Once I walked into a big box store and saw at the front of the store a little girl, barely more than a toddler, twirling and gazing at the lights overhead. She was clearly ecstatic, transported by their dazzle.
It was an enchanting sight, but even as I paused, captivated, I found myself noting, “If she weren’t so young, we would know she wasn’t quite ‘right.’ No adult—even no child who has been around long enough to have learned the mostly unspoken rules of our society—is permitted to be that happy right out in public!”
Feelings are a fascinating topic for any artist to consider. It’s what most art is about at its core, touching us, moving us, opening us. But the fact that a story makes me laugh or gasp in horror or cry doesn’t necessarily make it art. In fact, sometimes I find myself resenting the emotional response drawn from me by stories, even as I’m responding.
What makes the difference between sentiment and sentimentality? The same thing, I believe, that makes the difference between drama and melodrama. Watching a beautiful young woman tied to the train tracks in front of an approaching train might bring up strong feelings, but there is a heavy load of artifice about those feelings. If the potential victim is the beautiful maiden of traditional melodrama we’re probably experiencing our horror with an underlying amusement. That’s why the tradition exists at melodramas of calling out, booing the villain and cheering the hero and saying “AW” when the beautiful young maiden enters, all of them totally predictable cardboard cutouts and meant to be so. We make a game of it, because we already know what will happen. The handsome hero will save her. Therefore, little is at stake . . . for us or for the characters. Whatever feelings are elicited are neither genuine nor deep.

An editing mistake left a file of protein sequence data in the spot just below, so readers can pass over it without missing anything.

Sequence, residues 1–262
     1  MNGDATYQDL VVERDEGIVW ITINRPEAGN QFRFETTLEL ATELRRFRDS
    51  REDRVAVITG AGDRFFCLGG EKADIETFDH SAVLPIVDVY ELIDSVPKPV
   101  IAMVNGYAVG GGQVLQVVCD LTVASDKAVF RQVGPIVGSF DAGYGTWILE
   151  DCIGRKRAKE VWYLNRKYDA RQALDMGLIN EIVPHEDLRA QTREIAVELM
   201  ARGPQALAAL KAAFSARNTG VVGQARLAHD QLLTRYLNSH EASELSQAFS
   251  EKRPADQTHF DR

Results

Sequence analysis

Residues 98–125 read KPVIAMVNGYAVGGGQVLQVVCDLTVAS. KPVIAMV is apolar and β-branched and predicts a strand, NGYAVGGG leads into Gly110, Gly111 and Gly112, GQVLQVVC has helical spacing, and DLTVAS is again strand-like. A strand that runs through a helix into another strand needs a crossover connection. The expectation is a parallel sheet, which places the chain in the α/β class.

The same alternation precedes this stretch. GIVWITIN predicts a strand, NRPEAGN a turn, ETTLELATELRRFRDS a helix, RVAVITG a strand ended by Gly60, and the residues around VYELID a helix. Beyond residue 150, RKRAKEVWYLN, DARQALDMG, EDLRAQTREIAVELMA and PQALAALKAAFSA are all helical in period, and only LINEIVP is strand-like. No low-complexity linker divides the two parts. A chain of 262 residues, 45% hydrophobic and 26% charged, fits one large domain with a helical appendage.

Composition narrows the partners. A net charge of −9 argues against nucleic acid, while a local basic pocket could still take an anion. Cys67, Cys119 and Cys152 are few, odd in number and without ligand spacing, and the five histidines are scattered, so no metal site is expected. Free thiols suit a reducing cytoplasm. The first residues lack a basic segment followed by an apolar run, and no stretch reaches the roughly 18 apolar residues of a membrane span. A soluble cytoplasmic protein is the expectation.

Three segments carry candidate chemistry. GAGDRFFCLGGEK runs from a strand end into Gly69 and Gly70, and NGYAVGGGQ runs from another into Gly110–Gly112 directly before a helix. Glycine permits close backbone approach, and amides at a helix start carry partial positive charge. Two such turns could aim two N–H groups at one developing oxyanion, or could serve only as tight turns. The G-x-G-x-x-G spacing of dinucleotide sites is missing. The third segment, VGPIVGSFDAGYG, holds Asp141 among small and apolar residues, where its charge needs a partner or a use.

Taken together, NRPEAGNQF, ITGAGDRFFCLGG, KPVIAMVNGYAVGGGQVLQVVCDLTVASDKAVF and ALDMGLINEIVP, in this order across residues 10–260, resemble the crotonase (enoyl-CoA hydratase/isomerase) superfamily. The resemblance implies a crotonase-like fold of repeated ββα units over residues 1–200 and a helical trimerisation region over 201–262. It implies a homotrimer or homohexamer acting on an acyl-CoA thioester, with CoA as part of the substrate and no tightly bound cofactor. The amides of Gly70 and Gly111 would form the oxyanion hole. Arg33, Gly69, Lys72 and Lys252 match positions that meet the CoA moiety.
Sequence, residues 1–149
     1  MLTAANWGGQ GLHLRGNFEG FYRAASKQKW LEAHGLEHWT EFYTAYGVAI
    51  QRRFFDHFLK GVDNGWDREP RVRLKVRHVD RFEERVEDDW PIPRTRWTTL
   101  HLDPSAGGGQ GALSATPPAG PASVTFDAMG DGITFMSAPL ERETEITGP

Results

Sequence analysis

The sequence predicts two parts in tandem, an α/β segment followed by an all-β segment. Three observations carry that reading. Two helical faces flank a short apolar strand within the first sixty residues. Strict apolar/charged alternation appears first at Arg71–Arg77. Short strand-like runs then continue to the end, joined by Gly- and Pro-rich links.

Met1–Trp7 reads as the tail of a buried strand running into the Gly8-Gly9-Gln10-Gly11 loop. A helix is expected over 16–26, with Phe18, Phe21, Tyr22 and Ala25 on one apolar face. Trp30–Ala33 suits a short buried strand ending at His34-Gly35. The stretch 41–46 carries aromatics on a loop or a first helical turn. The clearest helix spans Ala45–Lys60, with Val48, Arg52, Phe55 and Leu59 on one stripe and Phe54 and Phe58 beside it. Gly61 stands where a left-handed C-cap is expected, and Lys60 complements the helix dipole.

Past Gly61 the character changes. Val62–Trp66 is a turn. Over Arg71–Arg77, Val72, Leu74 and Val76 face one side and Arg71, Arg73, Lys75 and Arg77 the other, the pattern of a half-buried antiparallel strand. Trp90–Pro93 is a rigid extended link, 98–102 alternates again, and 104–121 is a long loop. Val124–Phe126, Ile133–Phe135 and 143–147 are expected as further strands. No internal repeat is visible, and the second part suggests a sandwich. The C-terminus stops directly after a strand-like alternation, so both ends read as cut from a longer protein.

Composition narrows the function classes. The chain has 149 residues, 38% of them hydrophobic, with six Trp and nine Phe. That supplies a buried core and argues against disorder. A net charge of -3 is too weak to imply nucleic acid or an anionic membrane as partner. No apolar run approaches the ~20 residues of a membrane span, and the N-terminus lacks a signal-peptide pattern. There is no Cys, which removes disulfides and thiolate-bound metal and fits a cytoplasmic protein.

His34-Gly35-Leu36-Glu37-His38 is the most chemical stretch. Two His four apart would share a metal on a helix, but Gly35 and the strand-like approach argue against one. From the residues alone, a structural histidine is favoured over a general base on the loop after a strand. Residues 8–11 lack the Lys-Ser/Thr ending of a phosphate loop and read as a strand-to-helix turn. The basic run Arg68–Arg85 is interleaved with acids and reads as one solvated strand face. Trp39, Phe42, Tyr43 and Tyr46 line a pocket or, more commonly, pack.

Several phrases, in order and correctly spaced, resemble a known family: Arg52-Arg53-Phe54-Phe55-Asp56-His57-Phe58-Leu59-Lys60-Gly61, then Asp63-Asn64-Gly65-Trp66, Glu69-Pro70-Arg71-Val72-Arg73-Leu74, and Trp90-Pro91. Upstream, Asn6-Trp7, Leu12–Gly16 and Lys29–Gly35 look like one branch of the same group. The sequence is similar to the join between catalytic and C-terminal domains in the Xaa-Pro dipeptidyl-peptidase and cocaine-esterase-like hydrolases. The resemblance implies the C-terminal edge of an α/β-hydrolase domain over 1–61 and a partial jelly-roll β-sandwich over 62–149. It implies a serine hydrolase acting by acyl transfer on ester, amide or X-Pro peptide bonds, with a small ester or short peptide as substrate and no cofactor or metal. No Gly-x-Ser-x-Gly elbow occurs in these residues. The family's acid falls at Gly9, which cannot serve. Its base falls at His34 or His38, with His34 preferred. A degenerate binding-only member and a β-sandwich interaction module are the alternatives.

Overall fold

Drama, true drama, is earned. It rises out of the characters, characters who are capable of delivering surprises to author and reader alike. Melodrama is imposed from above. The author simply decides what will happen and puts the characters through their paces.
Sentiment is earned, too. It comes from the depths of our characters’ experience. And it is seldom presented like a fist to the gut. In fact, the moments in fiction that create the strongest feelings in me as a reader are the punches that are pulled, leaving me to provide the final step in my own mind, through my own emotions.
Think about the cut-away effect in films, how often a scene takes you right up to the moment when you know something powerful is inevitable, and then the camera pulls out and we are left to experience the rest of the scene in our own imaginations. I am fascinated by that technique and study it constantly in films. (Fortunately, that’s a kind of study I can do with little effort while I enjoy a relaxing evening in my living room.) Two characters meet and one has something horrific to tell the other, something that we have already known about. We don’t go through the conversation, repeating what the audience is privy to. We see the conversation begin or the speakers approach, and then the camera cuts away. We know exactly what’s going to be said, what the response will be, and we are more compelled because we fill the details in ourselves.
We, as readers, are left to do part of the work of the story. We aren’t getting everything handed to us. And leaving our readers to flesh out the emotional moments of our stories instead of hammering the feelings home, draws them in. They become co-creators with us, invested, not simply observing.
And that’s exactly what we want!